The PGA Tour as a matter of policy doesn’t publicize its disciplinary actions, but John Daly’s discipline file now has become part of the public record as a result of a lawsuit he initiated. The big galoot’s discipline file apparently runs to 465 pages covering eighteen years of misdeeds. He’s been fined $100,000 , suspended five times, place on probation six times, cited for “conduct unbecoming” eleven times, and tagged 21 times for failing to give his best effort. He’s been investigated for allegedly attempting to run down an ATF agent.
I find it interesting that, in spite of all his failings, Daly remains a fan favorite, while Tiger takes a beating for personal failings. At least 21 times, Daly has quit on the fans. No one would ever accuse Tiger of that—he’s the guy who won a US Open on a broken leg. I’m absolutely Tiger has been fined for bad language, throwing clubs and generally bad behavior, but I’m equally certain that (current troubles not withstanding), that Woody’s never given the Tour a reason to suspend or put him on probation.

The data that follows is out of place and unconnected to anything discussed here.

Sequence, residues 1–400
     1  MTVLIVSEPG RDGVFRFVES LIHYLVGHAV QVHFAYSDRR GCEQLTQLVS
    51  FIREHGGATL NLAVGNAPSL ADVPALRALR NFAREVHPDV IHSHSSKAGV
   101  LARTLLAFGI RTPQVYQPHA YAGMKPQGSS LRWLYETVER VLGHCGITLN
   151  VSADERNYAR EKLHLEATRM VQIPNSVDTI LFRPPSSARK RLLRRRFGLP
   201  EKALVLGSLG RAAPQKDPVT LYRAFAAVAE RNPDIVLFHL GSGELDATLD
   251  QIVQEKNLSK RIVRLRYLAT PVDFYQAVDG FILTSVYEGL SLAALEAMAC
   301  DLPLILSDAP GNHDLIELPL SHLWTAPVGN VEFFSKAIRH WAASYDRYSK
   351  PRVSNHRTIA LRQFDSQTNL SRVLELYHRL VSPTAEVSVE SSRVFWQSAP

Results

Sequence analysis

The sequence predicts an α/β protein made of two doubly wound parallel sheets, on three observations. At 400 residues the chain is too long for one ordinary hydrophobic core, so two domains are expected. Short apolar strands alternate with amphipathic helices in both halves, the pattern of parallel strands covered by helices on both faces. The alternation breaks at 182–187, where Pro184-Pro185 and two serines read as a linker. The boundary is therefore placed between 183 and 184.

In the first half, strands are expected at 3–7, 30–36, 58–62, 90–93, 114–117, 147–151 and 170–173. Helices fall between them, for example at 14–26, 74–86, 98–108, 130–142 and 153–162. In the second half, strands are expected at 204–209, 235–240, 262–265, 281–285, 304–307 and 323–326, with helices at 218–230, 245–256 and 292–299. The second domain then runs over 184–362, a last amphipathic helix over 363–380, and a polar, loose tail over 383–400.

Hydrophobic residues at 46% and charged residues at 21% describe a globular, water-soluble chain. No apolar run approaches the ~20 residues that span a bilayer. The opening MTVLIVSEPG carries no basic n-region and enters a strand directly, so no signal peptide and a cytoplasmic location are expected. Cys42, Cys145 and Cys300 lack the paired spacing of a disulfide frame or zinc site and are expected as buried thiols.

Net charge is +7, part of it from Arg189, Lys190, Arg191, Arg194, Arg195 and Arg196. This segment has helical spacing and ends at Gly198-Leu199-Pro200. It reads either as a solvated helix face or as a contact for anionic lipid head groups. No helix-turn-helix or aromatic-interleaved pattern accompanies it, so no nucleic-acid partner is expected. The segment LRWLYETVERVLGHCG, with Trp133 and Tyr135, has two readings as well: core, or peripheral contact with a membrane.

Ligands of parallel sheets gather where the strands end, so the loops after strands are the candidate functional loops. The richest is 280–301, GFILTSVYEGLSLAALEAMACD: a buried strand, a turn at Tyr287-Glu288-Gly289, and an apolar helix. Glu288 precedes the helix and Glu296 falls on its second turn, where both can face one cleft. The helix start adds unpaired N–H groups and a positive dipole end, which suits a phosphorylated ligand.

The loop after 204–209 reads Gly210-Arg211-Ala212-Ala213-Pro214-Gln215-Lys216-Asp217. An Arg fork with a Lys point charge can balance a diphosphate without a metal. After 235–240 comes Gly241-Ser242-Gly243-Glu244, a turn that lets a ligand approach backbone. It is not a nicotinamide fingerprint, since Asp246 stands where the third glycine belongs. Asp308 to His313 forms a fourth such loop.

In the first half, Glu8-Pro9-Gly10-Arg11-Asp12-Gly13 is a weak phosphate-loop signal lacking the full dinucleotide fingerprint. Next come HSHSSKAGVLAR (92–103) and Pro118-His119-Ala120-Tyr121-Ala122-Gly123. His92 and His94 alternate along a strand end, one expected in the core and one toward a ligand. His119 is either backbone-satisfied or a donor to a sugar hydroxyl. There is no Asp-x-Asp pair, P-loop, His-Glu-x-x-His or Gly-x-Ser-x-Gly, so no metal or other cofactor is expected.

So why do people love Daly, but scoff at Tiger? The difference, I think, is in the honesty. Daily is refreshingly, brutally honest about his own failings. He laughs at them, sings about them (All My Exes Wear Rolexes), and exposes himself on television for all to see through his reality shows. When Tiger’s failings—long kept hidden from view—are finally exposed, he goes into hiding, stages a controlled media event, lashes out at reporters and basically tells people that he’s sorry, but it’s none of their business. (He’s correct about this, but that’s not what people want to hear).
Daly doesn’t pretend to be someone he’s not. Tiger has. Daly won’t shut up. In his career, I doubt if Tiger has uttered ten unscripted sentences in public. Daly is “real,” and accessible to the fans. Tiger is an otherworldly Golf God, untouchable and unattainable. Big John has fans who like him, for all his faults. Tiger has fans because we admire his skills.
So John Daly is liked in a way that I don’t think Tiger ever will be. I think we see ourselves in John Daly, either in a “he’s just like me” or in a “there I go but for the grace of God” manner. Tiger, with his aloof manner, creates a wide gulf between himself and the public.
Mike Bianchi, in the Orlando Sentinal, chalks up the gulf to racism. If Daly were an NBA Athlete, Bianchi argues, he would be an outcast. But Bianchi’‘s wrong on this. There are plenty of NBA fan favorites with an antisocial background—Kobe? Charles Barkley, with his DUIs? Allen Iverson? Need I go on?
What Bianchi is missing is that these NBA stars remain popular because they’ve never made any real effort to hide their behavior. Indeed, in some cases, it seems to elevate their “cred.”
Just like Daly.